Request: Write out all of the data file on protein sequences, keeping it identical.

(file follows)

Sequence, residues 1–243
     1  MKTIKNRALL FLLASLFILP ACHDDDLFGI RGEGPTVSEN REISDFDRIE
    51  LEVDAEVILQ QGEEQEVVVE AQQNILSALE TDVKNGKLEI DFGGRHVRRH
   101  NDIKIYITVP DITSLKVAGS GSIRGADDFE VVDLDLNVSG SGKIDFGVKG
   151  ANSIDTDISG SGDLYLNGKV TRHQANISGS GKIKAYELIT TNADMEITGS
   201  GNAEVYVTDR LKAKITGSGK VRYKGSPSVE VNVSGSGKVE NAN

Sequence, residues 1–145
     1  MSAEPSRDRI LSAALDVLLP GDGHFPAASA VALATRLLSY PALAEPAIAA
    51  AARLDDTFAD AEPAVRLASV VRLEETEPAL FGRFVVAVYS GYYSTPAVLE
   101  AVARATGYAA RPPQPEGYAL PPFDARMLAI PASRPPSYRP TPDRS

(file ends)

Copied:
Sequence, residues 1–243
     1  MKTIKNRALL FLLASLFILP ACHDDDLFGI RGEGPTVSEN REISDFDRIE
    51  LEVDAEVILQ QGEEQEVVVE AQQNILSALE TDVKNGKLEI DFGGRHVRRH
   101  NDIKIYITVP DITSLKVAGS GSIRGADDFE VVDLDLNVSG SGKIDFGVKG
   151  ANSIDTDISG SGDLYLNGKV TRHQANISGS GKIKAYELIT TNADMEITGS
   201  GNAEVYVTDR LKAKITGSGK VRYKGSPSVE VNVSGSGKVE NAN

Sequence, residues 1–145
     1  MSAEPSRDRI LSAALDVLLP GDGHFPAASA VALATRLLSY PALAEPAIAA
    51  AARLDDTFAD AEPAVRLASV VRLEETEPAL FGRFVVAVYS GYYSTPAVLE
   101  AVARATGYAA RPPQPEGYAL PPFDARMLAI PASRPPSYRP TPDRS